How to Succeed in UX Research Without Wasting Your Time

When I was a new consultant, I discovered that it wasn't enough to just have UX expertise; I also needed to find clients. I realized that I needed a deeper understanding of who hires a UX researcher and why. Was it typically product managers? The head of market research? What problems do they usually need solved? How can an independent consultant complete with larger agencies? To answer my questions, I did the most meta thing of all:

 

I conducted user research on user researchers.

 

My specific goal was to learn enough about how the business worked to structure a sales-strategy and service offerings that would make hiring me a no-brainer. Although I focused specifically on UX research, much of it can apply to other newly independent consultants.

Methods

Potential participants were identified by searching "UX" and "user research" on Clarity and LinkedIn (I knew 2 participants through prior introductions). I spoke with a total of 8 UX-ers. I focused on individuals who emphasize research more than design (although one or two also did some design). They ranged from being relatively early in their careers (3-5 years) to fairly advanced (more than 20 years). Nearly all of them had worked in a consulting capacity at some point, although some of them had moved to in-house positions. Calls were about 20 minutes long and everyone spoke with me out of the goodness of their hearts.

What 2+ hours of interviews revealed:

There's no such thing as a "typical" project. 

Virtually everyone I spoke with paused when I asked "What does your typical project look like?" I was hoping that a single thing could be my bread and butter, or that at the bare minimum I would understand what a common client request would look like. It seems that to be a freelance UX researcher, you have to be a jack of all trades. The client will vary. The goal will vary. The methodology will vary. Sometimes it's wire-framing. Sometimes it's working on internally-facing software. You do it all.

It's all who you know. 

As a budding consultant, it's important for me to understand where and how most successful researchers find their work. Time and time again, it was through referral work. "Once someone knows you and knows you can do good work, they'll bring you back in time and time again." At first, this was disappointing news. It's the classic Catch 22 of starting out: how do you get referral work if no one already knows you? But I realized that I could reframe the goal: make sure people know you. The goal becomes to get in front of as many people as possible and demonstrate expertise and value. That ties into something else I learned...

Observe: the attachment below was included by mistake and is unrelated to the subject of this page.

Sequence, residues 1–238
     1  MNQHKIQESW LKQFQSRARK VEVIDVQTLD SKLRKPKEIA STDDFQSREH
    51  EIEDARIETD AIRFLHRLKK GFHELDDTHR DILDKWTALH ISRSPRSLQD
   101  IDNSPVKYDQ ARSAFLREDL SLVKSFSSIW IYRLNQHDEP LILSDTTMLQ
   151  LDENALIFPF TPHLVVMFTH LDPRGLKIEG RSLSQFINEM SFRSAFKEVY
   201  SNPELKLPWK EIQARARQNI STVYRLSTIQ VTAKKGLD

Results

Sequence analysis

Make it an easy decision. 

I've lost countless hours preparing custom proposals, with no guarantee that it would lead to a closed deal. That's because each client's needs, strategic goals, internal politics and practical limitations vary from one to another. In the end, it's unclear what exactly a UX researcher could do for them, how long it would take, and what it would cost. Suddenly, hiring someone like me sounds hard. But what if it was an easy decision? For this reason, I'm focusing on productizing my services. Enterprise clients should know exactly what they're going to get before they hire me: how much it will cost, what they will get, and when they will see results. This simple offering will be the "Step 1," the one thing every client will use as a starting point, no matter what they need. This will allow companies to hire me easily, putting me in front of lots of people, and ultimately allowing me to be their go-to solution next time they have a problem I could help solve.

The real competition is the status quo. 

Time and time again, when I asked "If someone doesn't hire you, what do they do instead," I got the same answer: nothing. It turns out, the real competition isn't other UX consultants, design agencies, or development shops. More often than not, it's inaction. Companies forgo the excellent for the good enough, and that often means leaving something broken.

If people don't already get research or data, you're wasting your time. 

The first few months I was consulting, I would occasionally interact with clients who didn't understand why they needed to make data-driven decisions. This felt like a no-brainer to me. Don't the top companies ALL do this? I found myself completely unprepared to justify why unbiased information is the best kind. I decided convincing people of something was not one of my strengths (that's OK. I've got plenty.). It turns out, I'm not alone in this experience. After asking researchers how they approach this challenge, I frequently heard some version of "you're wasting your time." It turns out, data is like religion. Some people love it, and some people don't. Rather than spending too much time on educating clients on the value of testing and iterating, collecting user feedback, and thinking critically about how to utilize their responses, it's best just to find people who already get it. Then, you're better positioned to focus on collecting great information (and actually getting it implemented).

Lastly, this community is spectacularly generous. 

Everyone I spoke to gave me their time without condition. In many cases, this was in response to a cold email, donating their time to a complete stranger. On top of their time, some sent me additional resources, book recommendations, or even put me in touch with a colleague who was able to offer more insight. I'm proud to be part of such a generous community and I hope that sharing this information will help others propel their consulting careers.

Phd Insights uses the latest psychology research to help companies understand their users and customers. Learn more about what we do.

 

Sheana Ahlqvist